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Son Lux -- Lanterns
by Alex McGrath on November 10, 2013
While listening to Son Lux's Lanterns, I had a lot of fun imagining a physical orchestra playing his compositions. The idea of the impossibly fast interplay between instruments, the comically bombastic horn breaks, or the effects-laden choir that populate Lanterns existing in a real-time performance is an absurd notion. Son Lux writes big music. Much of it is Phillip Glass-like in its execution, particularly one album highlight "Lost It To Trying", where dizzying horn lines slash across the piece in alternating rhythms. However, the songs on Lanterns are more often aspire to be anthems than experiments. They are imbued with a sense of forward motion and bombast, and sound best when they are at their most frantic.
Arguably the most fascinating aspect of the album is the instrumentation: everything sounds halfway synthesized. The harp flutter that opens the album on "Alternate World", as well as the horns that close "Lost It To Trying" exist in the uncanny space between real and synthetic, just a little too fast or just a little too plastic sounding to exist in real life. Lanterns also features plenty of synthesized vocals, a sound that has appeared frequently in Oneotrix Point Never's work and much of the vanguard electronic music this year. But, more importantly than academic speculation, the sounds on this album are gorgeous and compulsively listenable. It's very easy to get caught up in the sounds and not pay attention to the song itself, especially on "Easy", where the songwriting is nothing special but the instrumentation is glorious (is that an Ondes Martenot I hear?).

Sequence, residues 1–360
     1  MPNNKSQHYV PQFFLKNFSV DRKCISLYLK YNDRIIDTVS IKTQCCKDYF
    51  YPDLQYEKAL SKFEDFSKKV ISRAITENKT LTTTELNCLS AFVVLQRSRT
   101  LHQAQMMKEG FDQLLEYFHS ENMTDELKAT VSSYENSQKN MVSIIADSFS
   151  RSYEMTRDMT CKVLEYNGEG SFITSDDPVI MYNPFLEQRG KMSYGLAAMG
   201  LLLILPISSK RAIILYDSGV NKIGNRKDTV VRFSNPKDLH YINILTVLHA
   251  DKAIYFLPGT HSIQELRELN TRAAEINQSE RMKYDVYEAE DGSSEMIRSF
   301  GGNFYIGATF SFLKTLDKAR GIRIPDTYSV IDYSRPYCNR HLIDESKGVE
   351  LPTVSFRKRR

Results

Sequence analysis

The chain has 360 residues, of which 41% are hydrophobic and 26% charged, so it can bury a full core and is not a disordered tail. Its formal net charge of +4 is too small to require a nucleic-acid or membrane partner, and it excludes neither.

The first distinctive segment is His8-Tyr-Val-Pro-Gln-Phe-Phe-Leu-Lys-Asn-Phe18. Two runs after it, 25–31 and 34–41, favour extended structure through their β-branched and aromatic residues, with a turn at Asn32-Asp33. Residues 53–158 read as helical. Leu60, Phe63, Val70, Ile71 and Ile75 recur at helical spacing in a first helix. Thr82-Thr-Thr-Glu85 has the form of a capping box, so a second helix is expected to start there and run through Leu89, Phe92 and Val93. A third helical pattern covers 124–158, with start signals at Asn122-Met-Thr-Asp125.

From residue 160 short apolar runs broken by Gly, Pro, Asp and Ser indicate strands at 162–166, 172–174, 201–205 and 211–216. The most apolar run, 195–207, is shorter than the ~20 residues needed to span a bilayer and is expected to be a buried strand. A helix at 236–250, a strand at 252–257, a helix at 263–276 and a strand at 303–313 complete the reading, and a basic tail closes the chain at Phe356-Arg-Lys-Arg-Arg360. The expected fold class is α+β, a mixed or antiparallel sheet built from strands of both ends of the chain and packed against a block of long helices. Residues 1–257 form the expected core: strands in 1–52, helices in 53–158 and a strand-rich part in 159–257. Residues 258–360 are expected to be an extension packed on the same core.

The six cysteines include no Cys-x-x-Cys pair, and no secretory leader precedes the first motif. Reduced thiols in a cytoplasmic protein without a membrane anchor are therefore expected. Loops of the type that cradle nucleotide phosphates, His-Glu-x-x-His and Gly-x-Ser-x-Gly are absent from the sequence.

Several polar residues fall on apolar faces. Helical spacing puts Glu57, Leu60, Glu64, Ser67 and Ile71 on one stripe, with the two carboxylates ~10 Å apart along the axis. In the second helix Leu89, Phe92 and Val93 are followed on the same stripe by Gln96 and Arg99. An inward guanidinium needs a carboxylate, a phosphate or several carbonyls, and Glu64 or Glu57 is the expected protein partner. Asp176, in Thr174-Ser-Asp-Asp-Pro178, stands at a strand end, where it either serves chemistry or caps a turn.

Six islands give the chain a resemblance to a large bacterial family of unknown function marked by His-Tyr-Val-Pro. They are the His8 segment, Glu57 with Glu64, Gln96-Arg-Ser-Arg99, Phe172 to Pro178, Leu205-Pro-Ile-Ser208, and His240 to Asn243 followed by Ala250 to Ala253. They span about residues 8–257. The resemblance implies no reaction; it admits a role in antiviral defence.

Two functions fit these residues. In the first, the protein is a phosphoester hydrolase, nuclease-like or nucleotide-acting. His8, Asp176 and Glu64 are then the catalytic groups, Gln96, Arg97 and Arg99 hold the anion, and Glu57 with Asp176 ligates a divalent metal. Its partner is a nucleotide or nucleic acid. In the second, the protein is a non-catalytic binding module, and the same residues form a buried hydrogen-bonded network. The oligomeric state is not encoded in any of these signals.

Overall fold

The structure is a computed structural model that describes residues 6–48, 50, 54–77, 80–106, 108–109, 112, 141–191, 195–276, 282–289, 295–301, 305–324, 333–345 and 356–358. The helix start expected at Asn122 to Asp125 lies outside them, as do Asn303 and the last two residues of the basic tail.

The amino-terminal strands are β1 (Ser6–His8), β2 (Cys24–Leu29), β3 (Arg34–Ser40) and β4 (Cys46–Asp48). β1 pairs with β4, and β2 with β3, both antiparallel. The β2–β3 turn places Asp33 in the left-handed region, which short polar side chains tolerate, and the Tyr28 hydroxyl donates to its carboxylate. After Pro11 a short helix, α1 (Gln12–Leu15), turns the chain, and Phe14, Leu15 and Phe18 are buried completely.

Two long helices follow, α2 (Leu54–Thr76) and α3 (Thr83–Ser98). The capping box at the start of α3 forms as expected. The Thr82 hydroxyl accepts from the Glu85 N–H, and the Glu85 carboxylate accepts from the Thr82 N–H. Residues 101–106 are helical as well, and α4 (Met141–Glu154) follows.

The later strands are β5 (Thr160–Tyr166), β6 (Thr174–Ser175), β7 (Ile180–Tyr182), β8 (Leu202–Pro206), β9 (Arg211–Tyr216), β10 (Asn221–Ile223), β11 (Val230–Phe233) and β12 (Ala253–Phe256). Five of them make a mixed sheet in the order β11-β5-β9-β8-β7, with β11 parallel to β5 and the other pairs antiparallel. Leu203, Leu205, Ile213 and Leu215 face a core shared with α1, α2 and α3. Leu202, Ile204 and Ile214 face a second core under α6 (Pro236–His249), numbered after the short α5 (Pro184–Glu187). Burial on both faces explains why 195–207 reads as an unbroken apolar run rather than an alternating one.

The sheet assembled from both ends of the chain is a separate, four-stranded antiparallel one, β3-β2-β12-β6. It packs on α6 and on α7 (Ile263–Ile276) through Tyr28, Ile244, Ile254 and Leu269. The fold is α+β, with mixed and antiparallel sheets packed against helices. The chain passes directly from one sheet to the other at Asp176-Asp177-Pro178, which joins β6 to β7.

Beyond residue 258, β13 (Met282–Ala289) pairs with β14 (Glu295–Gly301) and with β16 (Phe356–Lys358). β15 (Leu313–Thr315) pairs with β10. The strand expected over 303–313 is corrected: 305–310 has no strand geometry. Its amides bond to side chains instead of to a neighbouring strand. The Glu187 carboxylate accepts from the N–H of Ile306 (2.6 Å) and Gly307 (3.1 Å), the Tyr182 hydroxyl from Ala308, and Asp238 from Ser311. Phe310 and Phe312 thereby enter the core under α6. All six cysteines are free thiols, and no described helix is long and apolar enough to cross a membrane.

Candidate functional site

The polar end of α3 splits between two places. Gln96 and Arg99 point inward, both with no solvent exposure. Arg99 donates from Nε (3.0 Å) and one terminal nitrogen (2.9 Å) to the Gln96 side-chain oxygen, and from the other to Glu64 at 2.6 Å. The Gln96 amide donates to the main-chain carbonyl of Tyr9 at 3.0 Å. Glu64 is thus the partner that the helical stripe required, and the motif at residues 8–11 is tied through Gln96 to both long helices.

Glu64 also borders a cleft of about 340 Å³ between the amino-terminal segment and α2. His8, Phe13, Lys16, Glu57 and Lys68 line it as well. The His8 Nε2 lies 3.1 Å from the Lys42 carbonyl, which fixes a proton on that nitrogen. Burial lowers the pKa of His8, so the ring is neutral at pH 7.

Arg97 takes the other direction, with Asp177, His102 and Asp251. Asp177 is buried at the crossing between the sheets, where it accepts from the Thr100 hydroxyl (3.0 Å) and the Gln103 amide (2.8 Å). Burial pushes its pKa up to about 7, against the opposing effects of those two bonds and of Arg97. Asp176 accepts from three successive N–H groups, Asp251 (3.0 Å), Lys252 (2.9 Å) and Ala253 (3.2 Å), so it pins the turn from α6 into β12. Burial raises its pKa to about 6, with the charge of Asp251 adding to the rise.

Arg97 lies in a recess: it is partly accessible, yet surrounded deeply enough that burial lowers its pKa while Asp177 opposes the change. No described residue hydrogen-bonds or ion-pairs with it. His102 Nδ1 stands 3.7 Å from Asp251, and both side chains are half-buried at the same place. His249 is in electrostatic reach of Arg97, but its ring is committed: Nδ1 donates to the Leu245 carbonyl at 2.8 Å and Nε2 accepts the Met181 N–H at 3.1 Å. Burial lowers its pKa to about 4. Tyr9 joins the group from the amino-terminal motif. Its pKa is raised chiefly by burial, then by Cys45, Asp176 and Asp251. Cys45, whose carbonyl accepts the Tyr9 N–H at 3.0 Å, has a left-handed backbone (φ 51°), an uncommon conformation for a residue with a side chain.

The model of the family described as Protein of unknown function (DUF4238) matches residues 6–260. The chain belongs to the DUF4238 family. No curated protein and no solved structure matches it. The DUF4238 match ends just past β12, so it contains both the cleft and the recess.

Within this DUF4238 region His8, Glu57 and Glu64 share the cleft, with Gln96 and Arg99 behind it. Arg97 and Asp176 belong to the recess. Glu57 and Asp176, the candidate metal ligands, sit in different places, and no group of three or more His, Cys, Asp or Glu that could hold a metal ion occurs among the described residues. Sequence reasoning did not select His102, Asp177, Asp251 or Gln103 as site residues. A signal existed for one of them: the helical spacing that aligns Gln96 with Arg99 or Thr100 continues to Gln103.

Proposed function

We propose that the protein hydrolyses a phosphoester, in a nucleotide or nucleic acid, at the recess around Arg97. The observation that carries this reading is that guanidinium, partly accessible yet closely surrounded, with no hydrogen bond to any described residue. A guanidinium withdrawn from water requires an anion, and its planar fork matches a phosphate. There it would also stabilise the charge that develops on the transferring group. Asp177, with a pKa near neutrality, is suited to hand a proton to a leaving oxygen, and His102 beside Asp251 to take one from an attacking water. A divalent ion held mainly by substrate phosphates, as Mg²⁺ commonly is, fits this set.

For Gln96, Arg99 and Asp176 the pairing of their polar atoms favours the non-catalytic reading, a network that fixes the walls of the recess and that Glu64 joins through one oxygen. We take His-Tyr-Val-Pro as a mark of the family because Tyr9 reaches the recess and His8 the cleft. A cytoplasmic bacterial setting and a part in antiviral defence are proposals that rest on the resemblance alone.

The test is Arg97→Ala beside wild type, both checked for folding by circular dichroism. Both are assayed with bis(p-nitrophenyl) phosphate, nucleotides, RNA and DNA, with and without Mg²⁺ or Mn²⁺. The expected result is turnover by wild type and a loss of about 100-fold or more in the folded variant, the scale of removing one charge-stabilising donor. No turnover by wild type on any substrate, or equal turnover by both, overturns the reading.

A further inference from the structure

This is representative of the larger problem of Lanterns. It doesn't really feel like it belongs anyplace, because it straddles so many genres and classifications at once. Its instrumentation is decidedly "experimental", but it relies heavily on choruses; its sounds belong to the world of electronic music, but act as if they were acoustic. Which is not a bad thing, lots of genuinely interesting music defies easy classification. It's just that Lanterns sometimes ends up inheriting the flaws of one genre rather than its strengths. "Easy" for example, has the repetitive elements intrinsic to techno or electro, but remains inert, never really developing into anything. Similarly, "Plan the Escape" uses the anthemic elements of indie rock, but just ends up meandering over its five-plus minutes. The album, in general, sounds best when it's at its most frantic. The everything-all-of-the-time complexity of "No Crimes" makes for a captivating song and a great showcase for the sounds that Son Lux produces.
Lanterns is an album of many great ideas and the ground between academic and pop music is very fertile. But Son Lux's execution of ideas is often spotty; for every song like "Lost It To Trying", there are two that meander and fail to become a suitable home for these gorgeous sounds.